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Zygmunt Bauman, discussing the fate of utopia in 1976, suggests that the kind of oppositional cultural practice which Moylan sees in the critical utopia should be viewed with greater scepticism. Cultural criticism can also be read as the result of socialism’s (and socialists’) retreat from the field of political struggle, representing a ‘divorce between cultural challenge and socialist politics’.9 Similarly, the spatialization to which Jameson refers, the identification of the body and the self as sites of struggle, despite their oppositional qualities (particularly in relation to feminism), also can be read as representing a retreat from questions of social and political transformation to the construction of the self. The personal ceases to be sufficiently political if and when we ‘take away the capacity to think time and history’. My own view would be that there is now a real difficulty about images of a utopian future performing a function of catalysing social change, and that utopia has retreated from this role to the more limited (though still vitally necessary) ones of estrangement, critique and escapism. It is not that there is a difficulty about imagining alternative societies which would be better; it is that it has become difficult to believe in them as possible, and to trust them as desirable. The corollary of this is that contemporary utopias are not inhibited from including generous (and sometimes unpalatable) helpings of fantasy. Ernst Bloch, the Marxist philosopher who has done most to argue for the importance of utopia, makes an important distinction between abstract and concrete utopia, between the elements within utopian images which are purely escapist, compensatory, wishful thinking and those which are transformative and will-full in the sense of driving forward to action and a real, possible, transformed future; between expressions of desire and expressions of hope.10 In so far as it contains more of the former and less of the latter, utopia is not dead, but it is in a political sense weakened. This brings me to my second point, the identification of why this has happened. Moylan’s assertion that because utopia may still produce estrangement, it can produce change, can be seen as arising from the wish that this may be so. It is itself a utopian statement (and abstract utopian at that). But the wish that utopia, in the guise of the literary utopia, or other cultural or even overtly political forms, may be the key bearer of social transformation warrants closer consideration. Here it is useful to return to Marcuse, though in a rather different way from Jameson. Marcuse, like other writers of the Frankfurt school, particularly in his later work, sees art as the bearer of utopia. The way in which he does this is far more optimistic than, say, Adorno, who sees art as offering only glimpses of a utopia which is unattainable. Adorno sees art’s utopia, the counterfactual yet-to-come, as ‘draped in black’:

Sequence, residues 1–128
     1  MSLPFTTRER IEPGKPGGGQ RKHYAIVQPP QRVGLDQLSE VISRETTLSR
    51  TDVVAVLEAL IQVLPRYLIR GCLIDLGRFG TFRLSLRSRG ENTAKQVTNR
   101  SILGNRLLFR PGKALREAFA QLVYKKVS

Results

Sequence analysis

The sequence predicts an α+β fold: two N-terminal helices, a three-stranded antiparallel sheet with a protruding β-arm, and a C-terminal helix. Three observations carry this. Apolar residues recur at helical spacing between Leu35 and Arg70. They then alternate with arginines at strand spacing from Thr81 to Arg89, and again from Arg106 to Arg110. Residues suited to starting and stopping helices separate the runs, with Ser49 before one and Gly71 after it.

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It goes on being a recollection of the possible with a critical edge against the real; it is a kind of imaginary restitution of that catastrophe, which is world history; it is freedom which did not come to pass under the spell of necessity and which may well not come to pass ever at all.11 Marcuse is more optimistic. Art is the socially sanctioned realm of fantasy. But it is not only critical of existing reality. It also posits an alternative and can act at least indirectly as an agent of transformation: ‘Art cannot change the world, but it can contribute to changing the consciousness and drives of men and women who could change the world.’12 The role of art is the expression and cultivation of Eros, that aspect of human nature which is the basis of sensual and creative instinct in human beings, and which itself, in Eros and Civilisation, is held to be the source of the hope that humanity will ultimately refuse to tolerate the repressive reality of capitalism. But the reason why Marcuse ends up placing such a heavy burden upon the sphere of art is that he has abandoned the conventional Marxist agency of transformation, the proletariat, because he maintains that it has been incorporated into capitalism through the spread of consumer goods and the cultivation of stabilizing needs. The point is not that Marcuse was wrong to doubt the revolutionary potential of the Western working class, but that, like other writers (including Andre Gorz), once Marcuse sets out down the road of not-the-proletariat, he finds himself in grave difficulties over conceptualizing a credible transition from here to the promised land. Gorz offers us the non-class of non-workers.13 Marcuse offers us the Great Refusal, a general term for all oppositions which can be seen to be protests against the unnecessary repression entailed in the performance principle, and which would include those movements now generically referred to as the new social movements. Art, in the broadest sense, is part of this refusal, and in Marcuse’s later work, the most important part. This requirement that art be the carrier of revolution, and the fear of what will happen if it is not, is thus directly related to the problem of agency. Yet while art may produce estrangement, the question of social transformation demands a more direct consideration of who is going to do the transforming and how. This takes us back to Moylan and the critical utopia. The groups that are here identified as the collective agents of change in these ambiguous and fragmentary works are ‘female, gay, nonwhite’—the groups which form some of the constituencies of the new social movements and which, together with students and the Third World proletariat, were also bearers of the Great Refusal. It is not accidental that women, as one of these groups, should be the source of much contemporary utopian writing. Yet this diversification of constituencies of oppression is itself a manifestation of that fragmentation which characterizes the so-called